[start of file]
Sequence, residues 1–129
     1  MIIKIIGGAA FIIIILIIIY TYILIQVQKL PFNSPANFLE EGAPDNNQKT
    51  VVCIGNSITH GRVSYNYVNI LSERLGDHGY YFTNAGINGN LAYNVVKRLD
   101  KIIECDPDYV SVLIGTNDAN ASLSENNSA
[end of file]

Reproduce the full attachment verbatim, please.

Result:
Sequence, residues 1–129
     1  MIIKIIGGAA FIIIILIIIY TYILIQVQKL PFNSPANFLE EGAPDNNQKT
    51  VVCIGNSITH GRVSYNYVNI LSERLGDHGY YFTNAGINGN LAYNVVKRLD
   101  KIIECDPDYV SVLIGTNDAN ASLSENNSA